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    How are the relationships between researching play and children changing?

    Jones, Phil, El Gemayel, Sandra, Salema, Yaspia and Flewitt, Rosie ORCID logoORCID: https://orcid.org/0000-0003-1986-0644 (2020) How are the relationships between researching play and children changing? In: Routledge International Handbook of Play, Therapeutic Play and Play Therapy. Routledge. ISBN 9780367347017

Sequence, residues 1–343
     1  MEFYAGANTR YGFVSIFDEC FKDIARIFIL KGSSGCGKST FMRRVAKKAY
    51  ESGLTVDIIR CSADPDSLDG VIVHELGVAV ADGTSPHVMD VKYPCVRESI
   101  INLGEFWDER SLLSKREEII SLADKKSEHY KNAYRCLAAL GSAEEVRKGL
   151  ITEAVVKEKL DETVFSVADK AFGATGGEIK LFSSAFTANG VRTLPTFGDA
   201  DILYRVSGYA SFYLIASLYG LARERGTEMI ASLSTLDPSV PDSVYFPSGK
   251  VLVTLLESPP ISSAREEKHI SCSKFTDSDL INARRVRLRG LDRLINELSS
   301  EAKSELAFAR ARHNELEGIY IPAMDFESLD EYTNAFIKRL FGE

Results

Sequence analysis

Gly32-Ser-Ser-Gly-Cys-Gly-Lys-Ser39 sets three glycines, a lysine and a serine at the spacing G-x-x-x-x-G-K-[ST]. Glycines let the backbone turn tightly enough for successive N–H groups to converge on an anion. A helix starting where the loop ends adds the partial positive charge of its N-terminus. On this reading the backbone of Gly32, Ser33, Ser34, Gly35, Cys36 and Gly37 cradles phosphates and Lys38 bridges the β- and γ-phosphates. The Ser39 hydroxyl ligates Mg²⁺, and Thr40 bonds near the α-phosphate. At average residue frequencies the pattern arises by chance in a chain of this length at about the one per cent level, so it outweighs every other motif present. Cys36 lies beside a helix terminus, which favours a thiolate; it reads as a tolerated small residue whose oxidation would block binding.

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    Play does not happen in a sealed vacuum, and it is practised in myriad ways across time and cultures. One way of thinking about research in the field is how shifts in culture, politics, policy and environment change how children play and how adults relate to child play. Innovations in play research have been versatile and responsive to the emergent contexts of play: from enquiry that explores the impact of gender or poverty on play to research that is constructed appropriately to conduct sensitive enquiry into play therapy. This chapter explores and problematises interdisciplinary connections between play, the new sociology of childhood and children’s rights. It examines how this relationship creates questions and new opportunities concerning how children and adults engage in research together. Three examples from contemporary projects illustrate how recent developments are resulting in important changes and innovation in how research, children and play relate to each other. The first concerns a ‘day in the life’ methodology (Gillen et_al., 2007; Gillen & Cameron, 2010), the second ‘child conferencing’ (Huser, 2015) and the third a children as researchers approach (Jones et_al., 2018).

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